2017-09-08 05:28:11 UTC
Alyosha, the fourth full-length album from Philadelphia-based guitarist Patkus, released on September 1st.
An hour-long composition comprising six movements with a prologue and epilogue, Alyosha stands somewhere at the intersection of modern classical, post-rock, and American primitive.
“I was reading The Brother’s Karamazov — which is awesome by the way — and wanted to make something of a similar scale and scope. I wanted to aim high, take a leap of faith, pretend to be a better musician than I actually am, and see what would happen.”
From John Fahey to Mogwai, Steve Reich to Ali Akbar Khan, Patkus' music is an idiosyncratic blend of influences and composition techniques.
“For never was a story more stark,
Than this of Alyosha and his Lark.”
2.Alyosha pt. I 07:18
3.Alyosha pt. II 07:08
4.Alyosha pt. III 07:35
5.Alyosha pt. IV 11:03
6.Alyosha pt. V 11:15
7.Alyosha pt. VI 08:43
alternative, ambient, american, primitive, drone, post-rock, psychedelic
Crafting a concept album is an incredibly difficult task. Tying together a cohesive narrative across a record’s worth of songs isn’t just daunting, it’s an endeavour that even some of the industry’s finest have failed to do memorably. This task, however, becomes notably more difficult when you’re dealing in the abstract via instrumental soundscapes. That is what Chronotope Project, the moniker of composer Jeffrey Ericson Allen, attempts to do with his latest project, ‘Ovum.’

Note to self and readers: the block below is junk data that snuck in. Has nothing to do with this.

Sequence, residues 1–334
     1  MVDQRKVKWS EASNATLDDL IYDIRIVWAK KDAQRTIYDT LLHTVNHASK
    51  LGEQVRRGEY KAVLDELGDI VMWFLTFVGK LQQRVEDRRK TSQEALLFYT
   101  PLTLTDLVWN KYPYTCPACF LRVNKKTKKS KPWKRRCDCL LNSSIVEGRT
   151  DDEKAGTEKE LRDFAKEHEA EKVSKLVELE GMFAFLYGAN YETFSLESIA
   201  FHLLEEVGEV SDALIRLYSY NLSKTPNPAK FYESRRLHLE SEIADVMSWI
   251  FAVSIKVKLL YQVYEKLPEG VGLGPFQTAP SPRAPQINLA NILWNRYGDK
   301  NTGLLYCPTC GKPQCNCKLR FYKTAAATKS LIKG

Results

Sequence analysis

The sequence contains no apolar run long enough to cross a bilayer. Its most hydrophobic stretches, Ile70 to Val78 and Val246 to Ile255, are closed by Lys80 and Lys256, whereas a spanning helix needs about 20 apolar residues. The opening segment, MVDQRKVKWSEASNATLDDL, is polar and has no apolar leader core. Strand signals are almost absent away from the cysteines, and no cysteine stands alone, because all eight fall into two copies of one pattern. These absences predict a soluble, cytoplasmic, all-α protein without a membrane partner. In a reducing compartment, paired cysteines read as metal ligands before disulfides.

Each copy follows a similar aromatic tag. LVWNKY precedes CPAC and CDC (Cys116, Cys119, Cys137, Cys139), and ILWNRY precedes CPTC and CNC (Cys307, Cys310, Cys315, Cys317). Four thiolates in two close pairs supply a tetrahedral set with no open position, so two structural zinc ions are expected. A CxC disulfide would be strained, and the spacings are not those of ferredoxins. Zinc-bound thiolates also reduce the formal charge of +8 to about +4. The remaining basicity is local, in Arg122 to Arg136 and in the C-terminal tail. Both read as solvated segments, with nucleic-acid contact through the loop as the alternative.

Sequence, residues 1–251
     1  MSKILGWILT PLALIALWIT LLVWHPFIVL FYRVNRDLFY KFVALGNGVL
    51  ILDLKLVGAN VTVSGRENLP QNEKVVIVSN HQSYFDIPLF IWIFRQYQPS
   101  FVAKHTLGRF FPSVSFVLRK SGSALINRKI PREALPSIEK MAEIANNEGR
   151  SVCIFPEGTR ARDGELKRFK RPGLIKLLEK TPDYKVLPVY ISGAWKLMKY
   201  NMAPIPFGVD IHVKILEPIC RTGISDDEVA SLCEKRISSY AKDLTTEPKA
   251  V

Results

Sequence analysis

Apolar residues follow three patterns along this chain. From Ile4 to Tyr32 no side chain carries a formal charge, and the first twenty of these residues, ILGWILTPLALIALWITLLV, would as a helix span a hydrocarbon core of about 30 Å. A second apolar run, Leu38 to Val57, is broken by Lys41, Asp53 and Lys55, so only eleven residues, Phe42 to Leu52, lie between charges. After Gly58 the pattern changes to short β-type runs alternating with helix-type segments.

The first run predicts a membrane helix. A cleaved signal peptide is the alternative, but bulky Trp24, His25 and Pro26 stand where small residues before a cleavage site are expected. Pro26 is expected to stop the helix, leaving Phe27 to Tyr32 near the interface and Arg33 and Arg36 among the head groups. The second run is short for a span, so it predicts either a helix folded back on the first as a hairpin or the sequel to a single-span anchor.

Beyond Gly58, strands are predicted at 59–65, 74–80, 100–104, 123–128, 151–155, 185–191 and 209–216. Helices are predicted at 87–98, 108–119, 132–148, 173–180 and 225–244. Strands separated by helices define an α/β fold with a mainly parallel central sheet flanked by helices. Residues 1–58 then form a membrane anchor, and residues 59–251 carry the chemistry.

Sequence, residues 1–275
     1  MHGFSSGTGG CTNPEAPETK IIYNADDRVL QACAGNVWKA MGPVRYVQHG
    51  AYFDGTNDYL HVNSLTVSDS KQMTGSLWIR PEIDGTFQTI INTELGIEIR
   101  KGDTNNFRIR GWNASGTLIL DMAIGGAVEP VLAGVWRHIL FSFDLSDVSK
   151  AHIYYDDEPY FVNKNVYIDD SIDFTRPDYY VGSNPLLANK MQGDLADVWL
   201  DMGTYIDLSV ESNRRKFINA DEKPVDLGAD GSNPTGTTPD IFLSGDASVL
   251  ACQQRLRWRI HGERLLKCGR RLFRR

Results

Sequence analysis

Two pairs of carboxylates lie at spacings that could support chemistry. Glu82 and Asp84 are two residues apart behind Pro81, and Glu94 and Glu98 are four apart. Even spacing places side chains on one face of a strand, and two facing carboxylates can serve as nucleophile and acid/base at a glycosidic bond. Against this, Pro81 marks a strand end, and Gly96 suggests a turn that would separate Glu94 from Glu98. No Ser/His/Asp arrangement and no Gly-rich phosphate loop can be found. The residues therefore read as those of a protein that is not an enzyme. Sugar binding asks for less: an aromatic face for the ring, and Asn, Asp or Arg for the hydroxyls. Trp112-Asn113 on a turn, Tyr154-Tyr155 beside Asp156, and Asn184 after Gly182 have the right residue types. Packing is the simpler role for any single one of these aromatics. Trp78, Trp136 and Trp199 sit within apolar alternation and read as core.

NAAL is an eclectic music project led by Chicago composer Dave Mantel. This talented musician has a true passion for great melodies and haunting musical textures. His blend of ambient, shoegaze and experimental drone music feels personal and unique, echoing the work of artists such as Slowdive, Boards of Canada or Sigur Ros, just to mention a few.